The style of beers we dank may also be a contributing factor in the night’s only ‘downside’. Shandy had promised us an easy set of trivia questions (yet another fascist attempt to knobble the favourites!!) promising to bring the competition closer. Well, he did that, and then some. Of the 15 questions answered by the five teams, giving a total of 75 questions, as a group we managed to get less than half correct!! So close was the result that 1team scored just 6 points – and the remaining four teams managed just 7 points each creating a 4-way tie broken by the drawing of straws!! I blame the Strong Ales. And Shandy.
So, while markedly different in style to the previous session, this instalment of Ale Stars was no less enjoyable and certainly more homely. As Guy and Justin and I discussed later (over a beer, funnily enough) the numbers don’t matter as much as the people who make it up. Big is great and small is great and neither is necessarily better than the other. As long as there is beer.
And, for the wags among our readers, see if you can come up with a caption to the photo of Shandy listening to Guy do the Ale Stars welcome. Neatest funniest entry wins a Beer Blokes admiration pack comprising a 'Virtual Pat-On-The-Back', and the satisfaction of a job well done.
Monday, May 18, 2009
It is not often that a pleasant beer evening comes with a safety warning but I guess maybe sometimes they should, particularly if you attend them with people like Shandy. Or Dr Lager.
Tomorrow night sees the tenth, or eleventh ... might even be the twelfth (I’m a drinker, not a counter) instalment of Ale Stars. When it is suggested that you leave your car at home, you know you’re in for a treat. When you live a 40 minute drive away from the venue you know you are in for watching while other people have a treat! But that doesn’t mean you should deprive yourself of the opportunity to sample some decent beers and some that you may not have had the chance to try before.
Vintage, Old and Strong ales is the theme for Ale Stars tomorrow and, for the very first time, there is not a beer on the list that I have had the pleasure of sampling before. There is excitement mixed with just a little bit of apprehension at this thought. Looking forward very much to trying a new drop while unsure of the final outcome without knowing the relative strengths of each! I’m happy to see how things go, but being the responsible adult that I pretend to be, I have to take care with responsible consumption when driving. Besides, I can always stay back for a while if need be, but standing at the bar in a place like The Local Taphouse without a beer is a bit like going to a titty bar and then watching the bouncers. On the door.
And for any Ale Star out there who feels just a little pity for my plight and may like to pop over and give me a lift in tomorrow night, drop me a line and I’ll give you directions. Hey! I can hear you sniggering from ere. That’s not nice!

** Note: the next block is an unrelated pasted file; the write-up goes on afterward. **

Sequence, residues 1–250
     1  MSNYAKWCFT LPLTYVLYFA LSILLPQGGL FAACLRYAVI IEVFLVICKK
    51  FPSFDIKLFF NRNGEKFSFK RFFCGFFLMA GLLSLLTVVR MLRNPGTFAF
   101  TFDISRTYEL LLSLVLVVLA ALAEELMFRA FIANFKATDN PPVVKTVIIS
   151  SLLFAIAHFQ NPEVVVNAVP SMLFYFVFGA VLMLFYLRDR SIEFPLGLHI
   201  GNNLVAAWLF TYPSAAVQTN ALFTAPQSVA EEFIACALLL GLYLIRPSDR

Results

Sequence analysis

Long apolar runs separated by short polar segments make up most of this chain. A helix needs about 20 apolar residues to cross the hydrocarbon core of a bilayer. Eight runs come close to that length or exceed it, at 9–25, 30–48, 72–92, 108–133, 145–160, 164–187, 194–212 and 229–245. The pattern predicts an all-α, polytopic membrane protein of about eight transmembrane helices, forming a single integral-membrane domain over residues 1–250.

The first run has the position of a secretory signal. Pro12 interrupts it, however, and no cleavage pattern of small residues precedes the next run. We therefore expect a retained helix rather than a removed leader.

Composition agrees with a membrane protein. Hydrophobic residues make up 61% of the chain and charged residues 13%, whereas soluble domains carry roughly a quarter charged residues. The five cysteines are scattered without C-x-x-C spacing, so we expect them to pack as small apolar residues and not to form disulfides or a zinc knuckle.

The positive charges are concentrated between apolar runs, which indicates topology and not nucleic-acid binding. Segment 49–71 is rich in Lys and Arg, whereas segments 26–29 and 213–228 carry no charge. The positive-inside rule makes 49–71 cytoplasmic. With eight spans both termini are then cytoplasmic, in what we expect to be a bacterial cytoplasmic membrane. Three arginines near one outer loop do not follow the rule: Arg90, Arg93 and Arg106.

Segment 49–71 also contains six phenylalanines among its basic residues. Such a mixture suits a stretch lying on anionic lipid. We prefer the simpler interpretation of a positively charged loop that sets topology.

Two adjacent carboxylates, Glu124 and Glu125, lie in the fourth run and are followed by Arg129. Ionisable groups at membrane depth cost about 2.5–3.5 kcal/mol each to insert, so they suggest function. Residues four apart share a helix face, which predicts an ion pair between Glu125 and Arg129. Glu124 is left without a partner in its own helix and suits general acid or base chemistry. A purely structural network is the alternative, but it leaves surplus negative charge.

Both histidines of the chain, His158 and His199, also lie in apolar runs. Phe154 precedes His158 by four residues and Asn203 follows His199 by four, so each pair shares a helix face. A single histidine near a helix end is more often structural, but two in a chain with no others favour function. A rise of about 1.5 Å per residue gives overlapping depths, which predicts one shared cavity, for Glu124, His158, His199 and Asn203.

Ale Stars kicks off at The Local Taphouse Tuesday May 19 at 7.30 ish. See you for Sneaky Upstairs Beers at around 7. Depends on when my driver gets me there.
Friday, May 15, 2009
As you know I don’t really do reviews of beers as such, I’d rather just give the bare ones details and a few opinions ad then the deal is that you go out and buy it and make up your own mind. Simple, really.
Here is a ‘Not A Review’ of Bridge Road Brewers latest offering. Readers and friends of the Beer Blokes will know that I am something of a fan of Ben Kraus and the way in which he approaches his brewing. Hand crafting true-to-style Ales with a real passion and determination to brew beers that will taste sensational every time while still allowing for subtle differences from batch to batch is what he and his team are all about. The fact that Ben is very approachable and willing to share his passion is a bonus.
I got a call from a mate in Beechworth to say that Ben had finished bottling his latest creation for the Beechworth Harvest Festival which was aptly named ‘The Harvest’ (he also has a special seasonal brew for the Celtic Festival called Celtic Red Ale) The Harvest is a pale ale with, as Ben so beautifully put it, ‘shitloads of hops thrown at it’ – but in a very nice way. And not just any hops. In fact, not any hops that anyone else can get at the moment!
The hops come from the Rostrevor hop gardens in Eurobin which is the largest hop gardens on the mainland. Ben was invited to sample some experimental hop varieties in the hope that he would find something interesting for a new brew. This particular variety is a cross bred type which combines a nice high alpha acid level with a load of aromatic strength as well. This means that a single hop flower can be used to give a beer the bitterness it needs as well as the smell. And this thing absolutely goes off!
Ben has ‘built’ The Harvest around the backbone of his Bridge Road Australian Ale and that in itself is a fair base to work from. Aiming, in a way, for that rich strength of flavour and aroma found in many good US and New Zealand craft beers, The Harvest delivers in bucket loads. This may be due to the amount as well as the quality of this new hop. As Ben told me, “Had to keep adding more (hop flowers) and ended up throwing pellets at it as well ... wasn’t getting enough from the whole flowers and was worried about getting them out of the tank.”